We’ve written about fashion designers using 3D printing extensively, but now 3D printing is getting a major nod from a fashion design icon. Karl Lagerfeld used 3D printing in this season’s classic Chanel suit, which looks eminently wearable and very chic. Of course, in haute couture, the initial 3D printed item was then hand embroidered and embellished into the beautiful suits we see but the underlying foundation is 3D printed.
The collection was unveiled earlier this month in Paris Fashion Week in a casino setting featuring actresses as well as models. In an accompanying interview, Lagerfeld extolled the virtues of 3D printing in which no seams are necessary and the classic Chanel suit form of square shoulders and boxy jacket can easily be molded in one piece. Lagerfeld stated that 3D printing “widens haute couture” and predicted it will be used more and more in fashion. He also said that fashion designers should keep up to date on relevant technologies, like 3D printing, or become irrelevant. Coming from someone who has managed to stay relevant into his (rumored) 80s, that’s a strong endorsement. Lagerfeld did hasten to add that the final garments are Haute Couture with significant hand work and embroidery done post printing. Since he was vague in his comments there is speculation that both the tweed like suits, as above, and the quilted like suits, as below have a 3D printed foundations or grids, using Selective Laser Sintering (SLS), as their base. It is unclear how much of the entire collection of suits (part of it up top) incorporates 3D printing.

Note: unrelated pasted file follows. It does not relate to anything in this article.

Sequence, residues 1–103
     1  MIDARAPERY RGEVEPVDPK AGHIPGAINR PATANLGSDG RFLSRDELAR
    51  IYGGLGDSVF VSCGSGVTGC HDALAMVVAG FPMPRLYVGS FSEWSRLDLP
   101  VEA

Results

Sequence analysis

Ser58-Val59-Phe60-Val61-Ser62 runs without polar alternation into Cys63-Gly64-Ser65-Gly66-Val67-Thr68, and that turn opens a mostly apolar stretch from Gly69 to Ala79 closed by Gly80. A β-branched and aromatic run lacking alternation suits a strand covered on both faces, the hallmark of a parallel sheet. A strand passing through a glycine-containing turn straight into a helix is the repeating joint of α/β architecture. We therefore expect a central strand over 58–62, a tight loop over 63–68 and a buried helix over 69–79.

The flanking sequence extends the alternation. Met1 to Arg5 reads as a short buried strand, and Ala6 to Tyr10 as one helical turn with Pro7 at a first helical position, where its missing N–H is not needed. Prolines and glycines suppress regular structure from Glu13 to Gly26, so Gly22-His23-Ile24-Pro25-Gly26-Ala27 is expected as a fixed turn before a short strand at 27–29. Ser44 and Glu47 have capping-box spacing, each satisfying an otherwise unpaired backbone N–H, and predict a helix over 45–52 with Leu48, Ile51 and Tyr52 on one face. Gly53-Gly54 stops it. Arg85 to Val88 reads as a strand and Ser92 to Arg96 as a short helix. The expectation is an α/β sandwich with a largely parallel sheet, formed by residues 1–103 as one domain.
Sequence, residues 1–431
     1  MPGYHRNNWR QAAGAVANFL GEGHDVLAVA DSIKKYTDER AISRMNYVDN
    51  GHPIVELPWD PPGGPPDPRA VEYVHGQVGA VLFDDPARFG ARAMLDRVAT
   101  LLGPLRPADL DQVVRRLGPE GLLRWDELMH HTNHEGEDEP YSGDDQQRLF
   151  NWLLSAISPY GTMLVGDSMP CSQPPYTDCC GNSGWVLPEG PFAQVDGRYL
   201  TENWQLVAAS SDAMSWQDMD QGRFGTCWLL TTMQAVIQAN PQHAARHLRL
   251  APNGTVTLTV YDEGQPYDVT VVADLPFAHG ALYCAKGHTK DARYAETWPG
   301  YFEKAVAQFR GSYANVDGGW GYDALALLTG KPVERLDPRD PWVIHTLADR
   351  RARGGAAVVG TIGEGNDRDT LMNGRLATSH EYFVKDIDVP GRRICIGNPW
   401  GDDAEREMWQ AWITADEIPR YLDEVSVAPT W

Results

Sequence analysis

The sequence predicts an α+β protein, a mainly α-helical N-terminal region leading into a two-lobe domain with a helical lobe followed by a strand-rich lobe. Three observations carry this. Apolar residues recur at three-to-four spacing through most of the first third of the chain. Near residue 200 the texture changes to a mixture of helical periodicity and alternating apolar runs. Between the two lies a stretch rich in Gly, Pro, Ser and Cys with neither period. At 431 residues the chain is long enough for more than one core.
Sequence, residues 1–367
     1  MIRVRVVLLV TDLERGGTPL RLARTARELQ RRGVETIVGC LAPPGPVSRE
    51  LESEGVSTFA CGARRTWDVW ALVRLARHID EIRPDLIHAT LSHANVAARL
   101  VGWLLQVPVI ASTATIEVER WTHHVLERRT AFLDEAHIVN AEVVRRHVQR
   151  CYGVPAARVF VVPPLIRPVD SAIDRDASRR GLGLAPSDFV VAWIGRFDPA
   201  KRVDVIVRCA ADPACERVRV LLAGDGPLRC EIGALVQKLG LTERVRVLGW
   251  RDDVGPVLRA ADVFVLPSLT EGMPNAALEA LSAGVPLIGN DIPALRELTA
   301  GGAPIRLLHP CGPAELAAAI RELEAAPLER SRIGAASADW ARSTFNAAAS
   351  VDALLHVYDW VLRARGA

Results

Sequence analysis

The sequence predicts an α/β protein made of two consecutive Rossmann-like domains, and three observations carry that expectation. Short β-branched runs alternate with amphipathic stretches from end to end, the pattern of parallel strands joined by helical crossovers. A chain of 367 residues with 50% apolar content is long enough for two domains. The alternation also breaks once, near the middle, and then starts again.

Other fashion designers have used 3D printing in fashion, first and foremost among them is Iris van Herpen (see very bottom pic of her design named one of 2011 50 Best Inventions by Time Magazine). Her creations have a futuristic look and unlike the Chanel suit may seem uncomfortable to wear.
Israeli fashion designer Noa Raviv used 3D printing as scaffolding for her fantastic creations in the Hard Copy collection (2 examples above), which is her graduation project from Shenkar Academy. Francis Bitonti and Michael Schmidt designed a form-hugging dress for Burlesque actress Dita von Teese (below). The dress is fully articulated with moving joints for most of its length. It was designed and 3D printed to Dita’s specific measurements.
Icon Karl Lagerfeld embraced 3D printing; innovative Iris van Herpen is a veteran at 3D printing; young fashion designers like Noa Raviv as well as established ones like Michael Schmidt and Francis Bitonti are using it in their final garments. Are you?